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White Menudo, a Perfect Winter Treat!

Featuring:
Rumba® Beef Honeycomb Tripe

White Menudo Recipe Plated
Mely Martinez Head-shot

Original Blog & Recipe by
Mely Martinez

I’m Mely Martinez, passionate home cook and former teacher, born and raised in Mexico. Growing up, I was constantly thinking about food and watching how the women in my family cooked and prepared meals. Today, I enjoy teaching people how to cook Mexican food through my blog. Cooking my recipes with the best quality products is very important to me and Rumba Meats offers quality cuts of meat that are conveniently packaged and readily available.

See more of my recipes

White Menudo

One thing that I remember from my childhood was how my mother used to cook her Menudo; even though she had a pressure cooker that could cook those types of meats in a shorter amount of time, she preferred to cook it overnight in a large pot, leaving it to simmer gently for hours.

We lived in an apartment with a very small kitchen, and for hours the smell of garlic, beef, onion, and bay leaf filled all of the bedrooms. I’d wake up in the middle of the night to that delicious aroma, and in the darkness of the night, I would quietly sneak into the kitchen to find a spoon and taste the broth simmering in the huge pot. Almost always, I burned my mouth, but it didn’t matter as long as I could taste a little piece of the menudo. There’s something about its texture that makes it so interesting to eat. This soup takes me back to those moments in my mother’s kitchen in the
middle of the night.

Growing up in the north of Mexico, we always had menudo soup seasoned with a red sauce made of dried peppers. This soup however, called “White Menudo”, is similar to the one served in the States of Sinaloa and Nayarit, and even in some regions like in the States of Sonora, Jalisco and Baja California. Every state has its own way of serving this meal: you can find it with or without hominy, topped with chopped onion, mint, cilantro, Serrano peppers, or crushed dried peppers like árbol or piquín peppers. Some eat it with warm tortillas, while others prefer a piece of a French roll to dip into the soup.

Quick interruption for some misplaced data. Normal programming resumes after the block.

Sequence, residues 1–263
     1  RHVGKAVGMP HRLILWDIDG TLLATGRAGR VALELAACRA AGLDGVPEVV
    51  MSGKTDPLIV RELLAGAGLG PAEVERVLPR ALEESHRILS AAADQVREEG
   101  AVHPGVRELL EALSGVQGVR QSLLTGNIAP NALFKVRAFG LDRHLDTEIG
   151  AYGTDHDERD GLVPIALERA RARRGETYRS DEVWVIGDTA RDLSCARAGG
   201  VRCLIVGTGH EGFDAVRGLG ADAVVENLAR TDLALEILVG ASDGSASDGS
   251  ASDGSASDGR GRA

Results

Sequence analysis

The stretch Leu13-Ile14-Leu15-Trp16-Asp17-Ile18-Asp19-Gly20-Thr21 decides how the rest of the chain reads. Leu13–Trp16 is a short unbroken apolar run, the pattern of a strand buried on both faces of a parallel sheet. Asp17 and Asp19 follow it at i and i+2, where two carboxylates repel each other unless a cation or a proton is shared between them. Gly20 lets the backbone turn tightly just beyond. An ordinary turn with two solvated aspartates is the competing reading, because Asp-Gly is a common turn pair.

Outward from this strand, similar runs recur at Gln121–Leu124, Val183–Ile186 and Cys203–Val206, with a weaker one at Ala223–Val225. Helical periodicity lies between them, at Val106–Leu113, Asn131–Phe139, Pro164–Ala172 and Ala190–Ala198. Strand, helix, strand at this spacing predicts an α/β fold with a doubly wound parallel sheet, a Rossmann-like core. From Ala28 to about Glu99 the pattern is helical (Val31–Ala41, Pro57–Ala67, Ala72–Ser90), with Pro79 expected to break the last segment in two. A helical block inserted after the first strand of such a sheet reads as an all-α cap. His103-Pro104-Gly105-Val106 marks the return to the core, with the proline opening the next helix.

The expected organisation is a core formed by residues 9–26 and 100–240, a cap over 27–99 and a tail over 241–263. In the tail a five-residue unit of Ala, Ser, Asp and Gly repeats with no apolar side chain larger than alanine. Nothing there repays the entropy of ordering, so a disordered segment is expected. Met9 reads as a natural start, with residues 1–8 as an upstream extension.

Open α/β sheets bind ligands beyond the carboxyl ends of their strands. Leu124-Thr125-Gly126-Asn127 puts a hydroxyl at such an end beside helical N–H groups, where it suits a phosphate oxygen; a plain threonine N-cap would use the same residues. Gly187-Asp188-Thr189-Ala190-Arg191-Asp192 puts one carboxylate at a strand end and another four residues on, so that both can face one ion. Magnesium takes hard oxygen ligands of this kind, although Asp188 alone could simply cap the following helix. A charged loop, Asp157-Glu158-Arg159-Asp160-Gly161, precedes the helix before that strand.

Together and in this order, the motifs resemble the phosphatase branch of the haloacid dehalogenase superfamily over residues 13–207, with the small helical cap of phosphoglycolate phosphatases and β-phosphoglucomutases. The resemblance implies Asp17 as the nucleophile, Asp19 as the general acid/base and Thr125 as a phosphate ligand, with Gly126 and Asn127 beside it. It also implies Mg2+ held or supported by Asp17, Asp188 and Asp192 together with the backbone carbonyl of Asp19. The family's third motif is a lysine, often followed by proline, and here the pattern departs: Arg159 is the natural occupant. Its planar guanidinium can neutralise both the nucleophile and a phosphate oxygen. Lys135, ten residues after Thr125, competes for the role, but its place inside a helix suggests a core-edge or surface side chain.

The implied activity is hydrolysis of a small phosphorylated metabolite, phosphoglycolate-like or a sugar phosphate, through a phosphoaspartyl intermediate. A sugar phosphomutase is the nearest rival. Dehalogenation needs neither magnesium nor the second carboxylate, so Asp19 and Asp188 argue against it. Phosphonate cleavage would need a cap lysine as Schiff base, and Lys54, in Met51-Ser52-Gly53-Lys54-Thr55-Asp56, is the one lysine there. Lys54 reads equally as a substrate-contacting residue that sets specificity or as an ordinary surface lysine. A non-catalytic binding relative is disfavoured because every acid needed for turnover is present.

ENJOY!

Directions

1.

Remove the Honeycomb tripe from the package,

drain and rinse. Place in a large pot or bowl and squeeze the lime juice over

the tripe and fill the pot with water. Let the tripe soak in that lime juice

and water solution for 30 minutes, then drain and rinse again. This step will

help eliminate any unpleasant smells from the tripe.  Drain and rinse again, pat dry with paper towels,

and cut into 2-inch pieces. Place the pieces, with the onion, garlic and bay

leaf in a large pot with a lid and fill with the water.

  1. Place on medium-high heat, and bring to a boil.Skim off the foam that will form on the top after a few minutes. Now, partially

    cover the pot, reduce the heat to medium-low, and gently simmer for about 2

    hours. If you are adding the calf’s foot, remove as soon as it has cooked. Once

    it’s cool enough to handle, chop the meaty parts and discard the bones, return